52-Second Giant Panda Tryst Sends Tokyo Restaurant Surging

  • Totenko shares rise after pandas mate in zoo near premises
  • Investors bet on increase in visitors to Chinese eaterie

Giant panda Shin Shin and Ri Ri at Ueno Zoo.

Photographer: Sankei via Getty Images

Shares in Totenko Co., a Tokyo-based operator of a Chinese restaurant, jumped after nearby Ueno Zoo announced its giant pandas had mated, fueling hopes that the first baby panda at the zoo in more than four years would boost tourism in the area.

Public viewing of the two pandas, Shin Shin and Ri Ri, was halted last week in preparation for the mating session, according to a statement from Ueno Zoological Gardens. Totenko, which operates a flagship eatery walking distance from the zoo, surged as much as 9.9 percent in afternoon trading after the announcement of the 52-second coupling. Kyodo News reported it was the first time for the pandas to mate in four years. The stock closed up 2.9 percent on trading volume almost five times the three-month average.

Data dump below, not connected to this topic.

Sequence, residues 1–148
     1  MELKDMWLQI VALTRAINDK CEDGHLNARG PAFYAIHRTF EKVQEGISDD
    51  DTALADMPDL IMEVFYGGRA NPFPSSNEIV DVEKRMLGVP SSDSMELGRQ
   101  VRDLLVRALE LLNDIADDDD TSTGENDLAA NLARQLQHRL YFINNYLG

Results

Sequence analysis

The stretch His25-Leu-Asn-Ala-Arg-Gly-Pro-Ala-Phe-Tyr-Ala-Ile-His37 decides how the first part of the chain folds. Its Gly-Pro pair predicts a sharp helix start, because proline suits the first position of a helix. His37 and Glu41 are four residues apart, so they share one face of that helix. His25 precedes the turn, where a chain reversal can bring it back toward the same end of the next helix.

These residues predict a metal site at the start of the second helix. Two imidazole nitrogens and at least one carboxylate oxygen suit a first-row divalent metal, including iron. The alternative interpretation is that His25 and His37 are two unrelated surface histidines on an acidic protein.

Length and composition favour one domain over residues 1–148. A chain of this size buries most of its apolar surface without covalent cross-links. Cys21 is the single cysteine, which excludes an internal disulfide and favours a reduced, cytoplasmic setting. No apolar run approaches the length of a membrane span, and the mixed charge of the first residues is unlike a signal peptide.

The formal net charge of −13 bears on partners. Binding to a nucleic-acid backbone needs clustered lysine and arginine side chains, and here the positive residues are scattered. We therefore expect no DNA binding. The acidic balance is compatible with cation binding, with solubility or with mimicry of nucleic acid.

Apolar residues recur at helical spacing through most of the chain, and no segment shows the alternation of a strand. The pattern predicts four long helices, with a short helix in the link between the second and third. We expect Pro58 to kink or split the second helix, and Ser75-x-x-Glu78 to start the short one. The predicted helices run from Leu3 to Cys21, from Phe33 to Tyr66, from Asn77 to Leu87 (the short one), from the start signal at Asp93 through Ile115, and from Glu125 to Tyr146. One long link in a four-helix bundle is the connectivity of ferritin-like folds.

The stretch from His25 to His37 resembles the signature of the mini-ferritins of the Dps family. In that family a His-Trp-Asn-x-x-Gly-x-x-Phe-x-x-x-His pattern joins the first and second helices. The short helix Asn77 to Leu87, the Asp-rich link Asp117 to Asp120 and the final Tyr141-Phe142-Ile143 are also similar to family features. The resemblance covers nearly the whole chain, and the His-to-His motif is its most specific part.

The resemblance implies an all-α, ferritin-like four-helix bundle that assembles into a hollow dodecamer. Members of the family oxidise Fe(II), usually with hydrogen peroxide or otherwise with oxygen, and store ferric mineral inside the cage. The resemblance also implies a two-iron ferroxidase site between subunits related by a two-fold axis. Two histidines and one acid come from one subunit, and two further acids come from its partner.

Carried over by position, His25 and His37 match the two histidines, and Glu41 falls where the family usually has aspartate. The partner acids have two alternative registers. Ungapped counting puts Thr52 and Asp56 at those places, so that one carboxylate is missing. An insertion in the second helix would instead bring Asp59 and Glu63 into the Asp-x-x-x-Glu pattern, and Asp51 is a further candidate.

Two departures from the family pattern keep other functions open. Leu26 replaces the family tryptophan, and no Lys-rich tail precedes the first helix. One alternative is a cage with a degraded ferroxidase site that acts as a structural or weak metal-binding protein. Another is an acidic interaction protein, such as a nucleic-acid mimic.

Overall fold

Totenko’s shares have been whipsawed by panda news before. Shares surged in 2013 after Shin Shin appeared to be expecting, but plunged a month later when the zoo announced she had shown false signs of pregnancy. In 2012, she gave birth only for the baby panda to die after less than a week. At the time, the economic impact of the offspring was estimated at an annual 10 billion yen ($89 million). 

The two pandas arrived in Tokyo just 18 days before the March 2011 earthquake and nuclear disaster. Each year the zoo donates $950,000 to panda research in China in return for the animals, which are the main attraction and the first thing people see when they enter the main gate of the complex.

The zoo was one of the first outside China to host giant pandas. In 1972, a pair were given as a gift to mark the restoration of diplomatic ties between Japan and China. Visiting the pandas is hugely popular with Tokyo residents.

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